I was in college when a brand new luxury apartment complex downtown was completed. It was the most luxurious address in the city, and when a girl I went to class with expressed interest in the place, I managed to score both of us a viewing in order to impress her, even though there was no way either of us would ever be able to afford a unit in the place. I blame this incident for her present career as the manager of an even newer luxury high-rise a little to the north of the one we viewed together. She made it a point to invite me to the grand opening of the place.
A year later, when I visited her again, the balcony railings had started to rust. They were custom fabricated for the complex by a local company and were made of perforated metal welded to square tubing and painted turquoise. They lacked any sort of additional rust protection beyond the paint, and a year later, even after they were repainted, were an embarrassment to what was supposed to be one of the most enviable addresses around. Since I have experience in railings, she sought my advice about installing balcony railings that wouldn’t need painting or at least wouldn’t rust. She rejected my suggestion of steel because the steel railings she had started with had rusted, and because (and I quote), “Steel is too dark.” She narrowed it down to aluminum railings vs. cable railings to replace her expensive custom ones.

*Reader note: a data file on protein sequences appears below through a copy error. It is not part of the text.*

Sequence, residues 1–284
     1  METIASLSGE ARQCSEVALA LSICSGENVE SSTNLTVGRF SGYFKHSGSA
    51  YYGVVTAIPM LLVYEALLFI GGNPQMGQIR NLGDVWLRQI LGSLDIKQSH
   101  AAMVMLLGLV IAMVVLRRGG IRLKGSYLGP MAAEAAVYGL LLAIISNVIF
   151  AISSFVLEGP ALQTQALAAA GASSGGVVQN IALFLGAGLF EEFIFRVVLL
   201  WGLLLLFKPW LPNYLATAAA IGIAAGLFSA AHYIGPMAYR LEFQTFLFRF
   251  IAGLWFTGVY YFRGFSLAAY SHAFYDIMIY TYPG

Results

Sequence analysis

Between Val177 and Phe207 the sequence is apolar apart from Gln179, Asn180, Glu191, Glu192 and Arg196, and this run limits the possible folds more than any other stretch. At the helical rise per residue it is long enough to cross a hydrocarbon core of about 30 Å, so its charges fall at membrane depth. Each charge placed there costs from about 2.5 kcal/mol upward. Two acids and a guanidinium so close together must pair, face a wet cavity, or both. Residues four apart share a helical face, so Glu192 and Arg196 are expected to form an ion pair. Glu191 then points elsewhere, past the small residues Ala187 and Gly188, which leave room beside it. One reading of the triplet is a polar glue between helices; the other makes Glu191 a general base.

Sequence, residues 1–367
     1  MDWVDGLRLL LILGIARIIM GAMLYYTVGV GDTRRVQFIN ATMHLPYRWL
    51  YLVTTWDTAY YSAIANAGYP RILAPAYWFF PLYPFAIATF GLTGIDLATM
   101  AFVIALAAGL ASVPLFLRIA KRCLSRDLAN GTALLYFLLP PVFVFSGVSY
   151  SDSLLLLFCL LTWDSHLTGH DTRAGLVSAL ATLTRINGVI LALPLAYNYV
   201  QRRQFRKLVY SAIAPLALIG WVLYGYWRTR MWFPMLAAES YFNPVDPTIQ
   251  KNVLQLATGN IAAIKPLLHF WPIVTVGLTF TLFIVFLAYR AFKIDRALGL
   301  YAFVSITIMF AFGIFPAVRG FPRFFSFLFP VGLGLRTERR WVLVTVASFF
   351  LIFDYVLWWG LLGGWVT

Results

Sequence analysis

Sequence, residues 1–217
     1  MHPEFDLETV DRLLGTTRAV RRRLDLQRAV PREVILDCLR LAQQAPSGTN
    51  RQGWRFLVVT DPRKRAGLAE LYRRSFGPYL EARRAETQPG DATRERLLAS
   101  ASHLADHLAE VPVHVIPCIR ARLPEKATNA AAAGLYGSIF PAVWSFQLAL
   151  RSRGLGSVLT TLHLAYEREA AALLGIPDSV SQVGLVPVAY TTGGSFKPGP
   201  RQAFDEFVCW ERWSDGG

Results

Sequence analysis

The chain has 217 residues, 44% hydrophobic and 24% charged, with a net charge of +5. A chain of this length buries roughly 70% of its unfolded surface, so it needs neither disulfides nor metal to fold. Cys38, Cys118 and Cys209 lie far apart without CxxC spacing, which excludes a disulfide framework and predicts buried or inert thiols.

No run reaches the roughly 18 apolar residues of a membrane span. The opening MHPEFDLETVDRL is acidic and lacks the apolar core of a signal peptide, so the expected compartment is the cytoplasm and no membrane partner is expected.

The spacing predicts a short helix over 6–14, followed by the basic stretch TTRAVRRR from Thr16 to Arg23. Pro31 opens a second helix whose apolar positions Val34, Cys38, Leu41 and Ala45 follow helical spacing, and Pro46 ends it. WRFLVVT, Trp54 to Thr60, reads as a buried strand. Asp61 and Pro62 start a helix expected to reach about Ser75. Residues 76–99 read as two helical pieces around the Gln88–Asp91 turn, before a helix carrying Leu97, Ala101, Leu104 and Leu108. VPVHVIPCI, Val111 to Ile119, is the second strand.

Comparing the Durability of Aluminum and Cable
When made by a quality manufacturer, both aluminum and stainless steel cable railing systems are virtually maintenance free. Still, they each have advantages and disadvantages in different situations. We’ll run down a few of the major practical points you should know about these materials:
Cable railings are made of stainless steel cables stretched taut between rails.
- Stainless steel cables are left bare and this can be an advantage in terms of appearance and maintenance because there is no appearance coat that could become damaged.
- The stainless steel cables in cable railings are extremely corrosion resistant, especially when they’re made of high-quality, such as marine-grade, steel.
- The major drawback of cable is that many cable railing systems rely on external tensioners to remain taut and these can loosen without regular adjustment, leaving the railings slack. Loose cables are a code violation and could become a safety issue for tenants.
- However, cable railing systems that have hidden, internal tensioners are available and are the best choice for cable railing systems in large buildings and public places.
Aluminum railings are similar to basic steel railings in form but use a lighter metal for their structure.
- Aluminum has an advantage in weight compared to any iron-based metal structure, being significantly lighter. This makes these railings easier to transport and install and can result in significant money savings on both.
- Aluminum has excellent corrosion resistance. Aluminum oxide forms a protective layer over the rest of the metal, keeping it from corroding further. However, aluminum’s protective patina is white, and can create a spotted look in dark appearance coats.